by Alan Wartes
JAILBREAK! It’s a good bet that if you were to shout that at the top of your lungs in the exercise yard of the nearest penitentiary, you would instantly have the undivided attention of every inmate within earshot—and all of the guards, for that matter. You wouldn’t have to stop and explain what you meant by the word, because everyone on the inside is well aware of three important facts:
1. They are in jail.
2. They would really like to break out.
3. They know where the exits are.
In other words, people who know they are inmates are already tuned to the frequency of freedom and poised to leap when an opportunity comes along. But what would happen if you did the same thing at the food court in the mall? In your office building on Monday morning? At church next Sunday?
First, you’d certainly get a lot of blank stares. Then, after a moment, the shocked silence would give way to a kind of sarcastic amusement. Check out the nut job. How did he get in here? She really should take her medication.
The point is, it’s nearly impossible to inspire a jailbreak among people who a) aren’t aware of their imprisonment; b) don’t believe it is possible to live any other way; and c) wouldn’t know which way to run in any case.
This assessment isn’t meant to be condescending. The fact is, it applies to nearly everyone—and describes an engineered ignorance and a conditioned ambivalence. Like ordinary prisoners, we are all under the influence of a thousand “corrective” forces each and every day designed to mask the truth.
And it works—sort of.
True, we might be among those who would mindlessly scoff at someone shouting jailbreak at a Fourth of July parade, but deep down we know something is not right. For most of my life I have experienced the sensation of being caught in an elusive trap I can’t quite see. I feel it most clearly in moments of fear, defensiveness, anger, lack, guilt and hopelessness. In times of stillness and silence I can almost see past the bars on the windows and smell the fresh air of the free world beyond. In this, I am certain I’m not alone.
And it is nothing new. People have felt this way forever.
The Persian poet Hafiz wrote:
There is an invisible sun we long to see. The closer
you get to the present, the brighter and more
real it will become, even at midnight.
To the poor slaves of this world with their
eyes chained to coins and unforgiving, the
wondrousness of the firmament can cease to lift
your head and impact your manners.
What wing would not become depressed within
a snare, if that wing still has some spirit in it,
and all your instincts want to taste that
stratosphere above the known?
“Open the door or die. Unlock the cage or die,”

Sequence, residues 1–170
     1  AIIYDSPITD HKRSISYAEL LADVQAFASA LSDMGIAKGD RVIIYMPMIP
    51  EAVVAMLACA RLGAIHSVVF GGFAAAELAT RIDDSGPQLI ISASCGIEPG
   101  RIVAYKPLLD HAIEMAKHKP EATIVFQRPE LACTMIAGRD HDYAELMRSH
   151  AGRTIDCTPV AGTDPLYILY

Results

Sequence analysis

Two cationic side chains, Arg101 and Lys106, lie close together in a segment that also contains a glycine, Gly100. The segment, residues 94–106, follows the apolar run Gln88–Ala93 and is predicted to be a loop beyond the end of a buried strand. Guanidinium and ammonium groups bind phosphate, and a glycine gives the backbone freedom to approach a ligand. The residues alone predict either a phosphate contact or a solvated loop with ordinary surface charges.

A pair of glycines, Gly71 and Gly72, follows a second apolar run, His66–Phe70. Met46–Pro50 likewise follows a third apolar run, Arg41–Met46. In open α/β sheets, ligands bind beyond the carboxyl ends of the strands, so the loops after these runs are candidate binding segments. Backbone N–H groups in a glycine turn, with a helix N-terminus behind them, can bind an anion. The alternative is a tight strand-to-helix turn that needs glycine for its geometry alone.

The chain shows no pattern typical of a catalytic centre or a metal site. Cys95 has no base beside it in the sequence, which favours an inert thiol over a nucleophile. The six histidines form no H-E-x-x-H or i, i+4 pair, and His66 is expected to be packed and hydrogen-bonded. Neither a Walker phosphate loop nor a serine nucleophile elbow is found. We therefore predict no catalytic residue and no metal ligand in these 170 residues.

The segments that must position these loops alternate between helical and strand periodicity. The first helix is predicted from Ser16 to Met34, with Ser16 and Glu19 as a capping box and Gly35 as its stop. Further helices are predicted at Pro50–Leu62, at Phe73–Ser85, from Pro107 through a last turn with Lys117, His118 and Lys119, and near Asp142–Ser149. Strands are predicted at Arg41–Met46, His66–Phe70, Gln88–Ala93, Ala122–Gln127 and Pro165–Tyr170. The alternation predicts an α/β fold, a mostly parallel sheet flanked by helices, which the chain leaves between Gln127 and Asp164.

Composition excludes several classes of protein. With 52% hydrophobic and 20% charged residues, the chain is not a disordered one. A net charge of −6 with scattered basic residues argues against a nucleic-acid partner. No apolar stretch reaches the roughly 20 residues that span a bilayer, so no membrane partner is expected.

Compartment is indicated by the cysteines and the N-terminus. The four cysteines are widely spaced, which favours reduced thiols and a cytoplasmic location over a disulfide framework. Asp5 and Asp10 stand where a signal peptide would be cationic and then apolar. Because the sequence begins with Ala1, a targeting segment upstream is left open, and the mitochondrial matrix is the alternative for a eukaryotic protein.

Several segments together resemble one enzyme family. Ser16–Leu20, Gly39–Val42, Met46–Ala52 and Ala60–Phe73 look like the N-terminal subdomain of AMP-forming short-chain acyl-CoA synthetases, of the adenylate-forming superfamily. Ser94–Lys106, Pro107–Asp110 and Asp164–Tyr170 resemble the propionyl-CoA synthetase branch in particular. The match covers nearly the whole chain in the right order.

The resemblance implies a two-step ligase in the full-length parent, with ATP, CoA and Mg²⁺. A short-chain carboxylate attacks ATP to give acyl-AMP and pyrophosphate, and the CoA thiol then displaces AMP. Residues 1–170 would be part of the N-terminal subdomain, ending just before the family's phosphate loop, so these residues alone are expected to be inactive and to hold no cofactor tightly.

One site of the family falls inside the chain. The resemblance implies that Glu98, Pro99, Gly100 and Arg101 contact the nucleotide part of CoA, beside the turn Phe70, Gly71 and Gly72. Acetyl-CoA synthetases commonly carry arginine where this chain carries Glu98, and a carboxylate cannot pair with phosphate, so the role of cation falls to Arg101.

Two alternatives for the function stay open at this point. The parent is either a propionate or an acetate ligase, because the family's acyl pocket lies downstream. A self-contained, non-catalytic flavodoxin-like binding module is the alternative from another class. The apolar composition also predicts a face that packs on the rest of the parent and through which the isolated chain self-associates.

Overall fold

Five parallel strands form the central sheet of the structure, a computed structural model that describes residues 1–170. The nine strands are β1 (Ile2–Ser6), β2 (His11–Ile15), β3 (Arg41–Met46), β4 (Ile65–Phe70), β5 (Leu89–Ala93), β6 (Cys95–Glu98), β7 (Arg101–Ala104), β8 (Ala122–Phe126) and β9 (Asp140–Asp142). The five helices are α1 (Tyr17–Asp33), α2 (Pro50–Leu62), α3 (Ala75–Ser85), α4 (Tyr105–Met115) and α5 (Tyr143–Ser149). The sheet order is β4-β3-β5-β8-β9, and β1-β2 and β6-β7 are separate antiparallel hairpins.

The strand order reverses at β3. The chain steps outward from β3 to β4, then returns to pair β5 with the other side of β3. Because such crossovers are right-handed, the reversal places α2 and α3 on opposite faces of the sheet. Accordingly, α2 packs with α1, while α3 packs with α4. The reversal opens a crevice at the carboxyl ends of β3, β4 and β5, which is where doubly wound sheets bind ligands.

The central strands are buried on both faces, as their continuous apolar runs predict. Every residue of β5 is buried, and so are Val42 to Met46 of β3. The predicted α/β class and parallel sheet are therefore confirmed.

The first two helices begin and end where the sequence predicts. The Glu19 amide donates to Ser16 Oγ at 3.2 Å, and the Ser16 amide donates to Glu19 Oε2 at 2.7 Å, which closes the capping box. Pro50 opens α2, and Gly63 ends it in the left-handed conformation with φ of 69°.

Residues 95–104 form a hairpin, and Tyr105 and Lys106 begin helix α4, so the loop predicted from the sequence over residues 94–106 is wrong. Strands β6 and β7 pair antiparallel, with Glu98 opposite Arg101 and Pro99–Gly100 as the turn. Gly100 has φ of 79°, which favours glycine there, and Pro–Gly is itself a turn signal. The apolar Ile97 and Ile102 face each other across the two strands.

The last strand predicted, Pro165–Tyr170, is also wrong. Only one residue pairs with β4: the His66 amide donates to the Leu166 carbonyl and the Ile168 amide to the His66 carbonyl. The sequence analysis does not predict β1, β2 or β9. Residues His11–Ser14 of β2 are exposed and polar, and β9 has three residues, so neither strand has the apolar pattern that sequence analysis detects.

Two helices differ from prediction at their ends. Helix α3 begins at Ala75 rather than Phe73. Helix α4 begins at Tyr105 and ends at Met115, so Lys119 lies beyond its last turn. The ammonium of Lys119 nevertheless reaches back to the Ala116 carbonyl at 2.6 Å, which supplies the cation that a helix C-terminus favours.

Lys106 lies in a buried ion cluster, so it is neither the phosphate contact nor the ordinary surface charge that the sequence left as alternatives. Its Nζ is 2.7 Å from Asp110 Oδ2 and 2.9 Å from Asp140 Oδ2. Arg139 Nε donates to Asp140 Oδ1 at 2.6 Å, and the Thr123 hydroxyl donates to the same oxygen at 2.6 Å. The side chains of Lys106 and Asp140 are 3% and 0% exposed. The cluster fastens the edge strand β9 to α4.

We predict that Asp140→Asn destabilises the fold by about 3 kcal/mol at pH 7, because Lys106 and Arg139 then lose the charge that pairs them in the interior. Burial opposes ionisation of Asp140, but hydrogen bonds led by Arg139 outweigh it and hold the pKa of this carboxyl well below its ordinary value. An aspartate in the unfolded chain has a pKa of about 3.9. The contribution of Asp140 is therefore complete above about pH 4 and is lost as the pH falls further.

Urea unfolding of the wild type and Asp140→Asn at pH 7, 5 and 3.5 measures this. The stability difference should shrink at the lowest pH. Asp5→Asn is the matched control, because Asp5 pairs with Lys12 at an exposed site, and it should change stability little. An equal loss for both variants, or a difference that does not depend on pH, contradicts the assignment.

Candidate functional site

my master would say to me, when I was young.
(version by Daniel Ladinsky)
This deep hunger to be free is why stories of hope, connection, forgiveness, liberation and unconditional love are so powerful. These are messages carried on the breeze that offer proof of a better world out there. They stir the heartsick suspicion that this other place—this other way of being—is our true home.
And so it is! We are all free and rightful citizens of an abundant and joyful existence. A whole new way of living is ours for the imagining and the taking. There is no power able to stand between you and this fact.
Except for one: Your own thoughts and beliefs.
As you may have guessed already, these are your true jailers. These are the walls and the steel doors and guard towers and the men with rifles who patrol them. You and I are inmates in our own minds. While some others certainly exploit this fact and coerce us to stay put for reasons of their own, there is no force on earth capable of keeping us there—but us.
How do we imprison ourselves? In complex ways that boil down to a stubborn refusal to see three simple truths:
1. We are made to be free—and are free the moment we decide to be.
2. There is a new and excellent world waiting on the other side of that decision.
3. The exits are located everywhere. Anywhere. Pick one and go.
Until we see and believe these things, we are destined to die in captivity—because we will never venture to open the door. I, for one, am tired of the prison yard. Who is with me?
And we haven’t got a moment to lose. This jailbreak is the only way through the evolutionary crisis humanity has now entered. Our deeply flawed and constraining belief systems have led us to a moment of tremendous challenge—but even greater opportunity.
Gut-wrenching work and possibly scary times lie ahead. But if we find the courage to see differently, think differently, live differently—to unchain our eyes from “coins and unforgiving”—then nothing can stop us.
Welcome to the (r)evolution. Let’s get started.